I know Edith Hamilton best as the English translator of the most common edition of Greek and Roman myths–the famous edition of her Mythology is typically assigned in high schools. When I saw her book The Greek Way on the fundraising book sale table at work recently, I had to have it. It was published in 1930 and 1942 (not sure how that works–maybe certain parts appeared first in magazines?) and is a collection of critical essays on Hellenic-age Greek literature (i.e. the 5th and 4th centuries B.C.).
She moves more or less chronologically through ten of the most important Greek authors, starting with the poet Pindar and ending with the dramatist Euripedes, with a few essays on special topics like the religion of the Greeks or the Greek way of writing thrown in. She takes the characteristic she finds most important with each of these ancient authors and highlights it, typically by comparing him to a more modern author–the raw, heroic tragedy of Aeschylus with Shakespeare, for example, or the “exuberant, effervescent” comedy of Aristophanes with Victorian light opera librettist W.S. Gilbert (of Gilbert and Sullivan)(!).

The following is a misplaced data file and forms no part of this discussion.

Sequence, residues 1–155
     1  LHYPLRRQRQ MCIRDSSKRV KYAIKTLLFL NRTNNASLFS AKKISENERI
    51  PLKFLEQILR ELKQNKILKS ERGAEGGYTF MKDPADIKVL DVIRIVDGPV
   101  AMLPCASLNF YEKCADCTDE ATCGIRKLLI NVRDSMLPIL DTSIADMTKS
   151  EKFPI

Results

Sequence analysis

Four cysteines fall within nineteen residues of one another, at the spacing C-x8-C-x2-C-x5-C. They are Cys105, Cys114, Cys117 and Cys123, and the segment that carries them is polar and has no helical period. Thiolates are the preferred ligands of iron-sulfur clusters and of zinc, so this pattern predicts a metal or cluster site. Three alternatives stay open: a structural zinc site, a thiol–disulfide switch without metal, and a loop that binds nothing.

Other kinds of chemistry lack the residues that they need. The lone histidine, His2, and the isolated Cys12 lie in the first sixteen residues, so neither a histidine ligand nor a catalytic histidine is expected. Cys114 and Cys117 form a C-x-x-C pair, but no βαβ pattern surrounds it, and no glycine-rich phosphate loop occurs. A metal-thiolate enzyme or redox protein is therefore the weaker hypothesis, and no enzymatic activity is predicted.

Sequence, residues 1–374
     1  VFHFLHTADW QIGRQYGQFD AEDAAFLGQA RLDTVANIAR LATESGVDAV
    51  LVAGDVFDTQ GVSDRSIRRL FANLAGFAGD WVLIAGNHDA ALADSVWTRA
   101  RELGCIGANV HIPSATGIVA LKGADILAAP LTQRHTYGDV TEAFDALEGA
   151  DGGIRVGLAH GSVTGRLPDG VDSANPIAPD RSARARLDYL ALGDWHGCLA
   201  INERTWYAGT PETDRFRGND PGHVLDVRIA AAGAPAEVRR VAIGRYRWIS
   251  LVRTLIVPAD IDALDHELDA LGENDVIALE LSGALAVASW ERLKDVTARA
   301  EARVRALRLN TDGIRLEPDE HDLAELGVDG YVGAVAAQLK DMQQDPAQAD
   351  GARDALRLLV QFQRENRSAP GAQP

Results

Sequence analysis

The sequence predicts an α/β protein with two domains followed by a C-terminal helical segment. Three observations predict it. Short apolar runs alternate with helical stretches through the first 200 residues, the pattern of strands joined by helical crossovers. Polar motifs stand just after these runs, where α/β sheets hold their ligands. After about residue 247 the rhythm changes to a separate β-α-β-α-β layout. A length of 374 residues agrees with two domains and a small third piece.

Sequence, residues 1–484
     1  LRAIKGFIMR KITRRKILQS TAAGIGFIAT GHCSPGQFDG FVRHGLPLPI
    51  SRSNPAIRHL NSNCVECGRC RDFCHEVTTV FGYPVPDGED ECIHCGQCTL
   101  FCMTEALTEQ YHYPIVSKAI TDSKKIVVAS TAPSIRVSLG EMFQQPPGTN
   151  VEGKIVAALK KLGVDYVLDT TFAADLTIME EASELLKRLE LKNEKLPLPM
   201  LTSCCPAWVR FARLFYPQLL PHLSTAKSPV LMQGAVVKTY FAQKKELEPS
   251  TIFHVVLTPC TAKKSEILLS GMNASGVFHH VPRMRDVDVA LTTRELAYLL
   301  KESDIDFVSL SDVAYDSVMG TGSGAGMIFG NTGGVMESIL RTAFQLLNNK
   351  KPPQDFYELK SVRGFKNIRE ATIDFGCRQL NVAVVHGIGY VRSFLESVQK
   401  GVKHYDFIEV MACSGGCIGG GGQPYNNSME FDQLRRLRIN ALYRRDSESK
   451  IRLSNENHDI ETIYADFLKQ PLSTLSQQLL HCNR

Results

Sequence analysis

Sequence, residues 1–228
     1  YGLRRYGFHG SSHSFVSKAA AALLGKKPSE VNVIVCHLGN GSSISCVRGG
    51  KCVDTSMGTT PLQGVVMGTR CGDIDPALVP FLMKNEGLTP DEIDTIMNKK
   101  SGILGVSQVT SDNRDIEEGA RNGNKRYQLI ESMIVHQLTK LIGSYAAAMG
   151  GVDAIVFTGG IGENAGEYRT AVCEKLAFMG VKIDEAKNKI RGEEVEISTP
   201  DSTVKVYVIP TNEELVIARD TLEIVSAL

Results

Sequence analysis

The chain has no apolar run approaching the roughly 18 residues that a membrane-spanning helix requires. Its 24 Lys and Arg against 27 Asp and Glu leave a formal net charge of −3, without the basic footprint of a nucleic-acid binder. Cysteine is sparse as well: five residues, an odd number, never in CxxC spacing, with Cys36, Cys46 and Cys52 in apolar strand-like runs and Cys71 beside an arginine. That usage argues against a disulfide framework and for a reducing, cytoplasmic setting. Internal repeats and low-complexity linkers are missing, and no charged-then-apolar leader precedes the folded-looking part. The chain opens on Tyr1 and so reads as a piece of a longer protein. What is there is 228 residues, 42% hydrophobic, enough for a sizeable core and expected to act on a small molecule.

My favorite essay was on Xenophon, a Greek writer I was only slightly familiar with beforehand, whom Hamilton shows as the great portrayer of everyday Greek life, particularly for the leisured class in Athens. Xenophon is practically our only source outside of Plato to give an account of Socrates, but is also known for his autobiographical account of the retreat of 10,000 Greek mercenaries from Persia back to Greece after the general who had hired them was cut down in battle. The enemy didn’t even bother mopping them up, assuming 10,000 leaderless foreign soldiers would simply perish, but that was not the case. Greek individualism and common sense carried them through a two-year journey across deserts and mountains, until they finally reached the Mediterranean Sea with most of their company intact. It is quite a stirring story.
I am not quite sure I could recommend this book generally. I think it would probably be most interesting to those who have somewhat more than a passing knowledge of ancient Greek literature and history. I found it quite fascinating myself, and my guess is if it sounds like a book that would interest you, you’re probably right.